Where Do Phonological Features Come From?: Cognitive, physical and developmental bases of distinctive speech categories

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G. Nick Clements, Rachid Ridouane
John Benjamins Publishing, Jul 28, 2011 - Language Arts & Disciplines - 347 pages
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This volume offers a timely reconsideration of the function, content, and origin of phonological features, in a set of papers that is theoretically diverse yet thematically strongly coherent. Most of the papers were originally presented at the International Conference "Where Do Features Come From?" held at the Sorbonne University, Paris, October 4-5, 2007. Several invited papers are included as well. The articles discuss issues concerning the mental status of distinctive features, their role in speech production and perception, the relation they bear to measurable physical properties in the articulatory and acoustic/auditory domains, and their role in language development. Multiple disciplinary perspectives are explored, including those of general linguistics, phonetic and speech sciences, and language acquisition. The larger goal was to address current issues in feature theory and to take a step towards synthesizing recent advances in order to present a current "state of the art" of the field.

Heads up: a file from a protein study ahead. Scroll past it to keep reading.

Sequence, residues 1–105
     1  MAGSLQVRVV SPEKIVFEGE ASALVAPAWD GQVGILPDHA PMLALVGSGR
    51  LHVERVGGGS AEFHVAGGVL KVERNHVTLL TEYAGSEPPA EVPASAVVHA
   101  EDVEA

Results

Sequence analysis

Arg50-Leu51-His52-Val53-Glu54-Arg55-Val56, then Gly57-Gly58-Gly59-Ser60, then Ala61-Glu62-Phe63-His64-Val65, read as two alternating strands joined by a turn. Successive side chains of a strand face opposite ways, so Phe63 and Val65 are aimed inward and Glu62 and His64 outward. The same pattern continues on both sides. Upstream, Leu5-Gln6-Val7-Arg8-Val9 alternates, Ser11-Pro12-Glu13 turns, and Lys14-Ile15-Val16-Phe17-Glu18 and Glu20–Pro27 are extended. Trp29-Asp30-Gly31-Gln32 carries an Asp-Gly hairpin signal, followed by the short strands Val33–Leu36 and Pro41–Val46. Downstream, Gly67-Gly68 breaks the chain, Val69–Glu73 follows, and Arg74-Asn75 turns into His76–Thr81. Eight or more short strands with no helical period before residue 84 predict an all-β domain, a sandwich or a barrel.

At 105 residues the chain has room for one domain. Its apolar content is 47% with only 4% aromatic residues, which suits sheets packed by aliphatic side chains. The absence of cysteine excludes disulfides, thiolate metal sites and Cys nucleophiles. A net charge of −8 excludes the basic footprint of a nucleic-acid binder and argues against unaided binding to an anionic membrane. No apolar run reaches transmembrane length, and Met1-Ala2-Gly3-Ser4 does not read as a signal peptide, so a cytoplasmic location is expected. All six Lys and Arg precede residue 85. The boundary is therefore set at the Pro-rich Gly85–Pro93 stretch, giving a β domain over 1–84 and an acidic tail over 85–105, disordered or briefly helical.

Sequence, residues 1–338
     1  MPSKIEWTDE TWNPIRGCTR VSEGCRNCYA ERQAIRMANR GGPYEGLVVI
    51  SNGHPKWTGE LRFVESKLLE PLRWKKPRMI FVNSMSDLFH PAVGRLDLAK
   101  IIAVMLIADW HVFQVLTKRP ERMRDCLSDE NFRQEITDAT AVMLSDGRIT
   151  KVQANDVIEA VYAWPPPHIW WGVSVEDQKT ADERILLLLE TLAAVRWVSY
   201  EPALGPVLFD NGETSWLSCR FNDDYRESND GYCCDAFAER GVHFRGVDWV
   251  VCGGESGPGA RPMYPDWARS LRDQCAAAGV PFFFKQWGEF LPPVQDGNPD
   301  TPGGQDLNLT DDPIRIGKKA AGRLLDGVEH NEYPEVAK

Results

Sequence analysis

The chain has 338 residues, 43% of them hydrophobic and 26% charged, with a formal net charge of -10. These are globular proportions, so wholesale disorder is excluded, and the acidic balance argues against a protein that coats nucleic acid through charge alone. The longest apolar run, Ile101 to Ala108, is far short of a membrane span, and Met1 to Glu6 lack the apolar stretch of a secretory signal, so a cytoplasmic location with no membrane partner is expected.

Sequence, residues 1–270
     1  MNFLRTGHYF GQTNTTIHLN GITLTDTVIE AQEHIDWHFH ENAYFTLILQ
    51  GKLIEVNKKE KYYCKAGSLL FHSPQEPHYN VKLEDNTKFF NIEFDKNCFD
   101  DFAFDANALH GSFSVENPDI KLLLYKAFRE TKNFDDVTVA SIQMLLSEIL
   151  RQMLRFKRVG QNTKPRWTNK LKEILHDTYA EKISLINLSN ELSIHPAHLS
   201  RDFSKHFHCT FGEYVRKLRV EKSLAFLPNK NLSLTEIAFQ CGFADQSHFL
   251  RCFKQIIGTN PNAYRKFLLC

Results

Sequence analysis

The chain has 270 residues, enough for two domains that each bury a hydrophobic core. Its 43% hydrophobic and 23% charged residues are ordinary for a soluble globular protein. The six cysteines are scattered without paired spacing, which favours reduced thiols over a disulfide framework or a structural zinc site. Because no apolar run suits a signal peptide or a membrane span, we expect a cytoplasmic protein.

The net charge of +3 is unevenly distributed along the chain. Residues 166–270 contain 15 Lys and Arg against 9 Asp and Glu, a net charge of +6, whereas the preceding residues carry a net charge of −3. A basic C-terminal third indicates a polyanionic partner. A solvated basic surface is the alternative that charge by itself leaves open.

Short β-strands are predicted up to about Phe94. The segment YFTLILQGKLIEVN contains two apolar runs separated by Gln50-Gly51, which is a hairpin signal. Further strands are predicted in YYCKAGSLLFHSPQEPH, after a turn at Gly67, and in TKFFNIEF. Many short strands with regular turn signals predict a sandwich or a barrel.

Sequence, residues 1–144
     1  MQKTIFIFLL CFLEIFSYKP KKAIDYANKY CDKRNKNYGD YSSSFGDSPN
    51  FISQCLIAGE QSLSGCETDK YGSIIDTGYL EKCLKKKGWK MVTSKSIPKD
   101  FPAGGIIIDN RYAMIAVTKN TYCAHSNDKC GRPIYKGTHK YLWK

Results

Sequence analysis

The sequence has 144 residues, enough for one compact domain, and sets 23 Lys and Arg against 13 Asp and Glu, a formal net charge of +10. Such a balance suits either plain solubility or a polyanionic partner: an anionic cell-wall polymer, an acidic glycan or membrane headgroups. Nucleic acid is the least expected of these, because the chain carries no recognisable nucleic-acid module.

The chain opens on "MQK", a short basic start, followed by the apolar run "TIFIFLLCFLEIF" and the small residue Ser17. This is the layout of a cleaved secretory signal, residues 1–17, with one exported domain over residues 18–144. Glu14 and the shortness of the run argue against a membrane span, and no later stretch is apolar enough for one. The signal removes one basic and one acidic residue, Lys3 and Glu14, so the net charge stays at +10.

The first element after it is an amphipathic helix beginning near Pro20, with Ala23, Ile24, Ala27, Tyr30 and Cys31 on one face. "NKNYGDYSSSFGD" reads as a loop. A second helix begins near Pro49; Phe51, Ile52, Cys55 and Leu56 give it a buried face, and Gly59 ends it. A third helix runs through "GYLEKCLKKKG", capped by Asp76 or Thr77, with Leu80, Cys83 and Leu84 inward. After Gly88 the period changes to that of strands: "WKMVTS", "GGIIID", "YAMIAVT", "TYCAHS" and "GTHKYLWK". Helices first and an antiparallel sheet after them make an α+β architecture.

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Part II General and cognitive issues
Part III Acoustic and articullatory bases of features
Part IV Extracting features from the signal
Part V Features in phonological development

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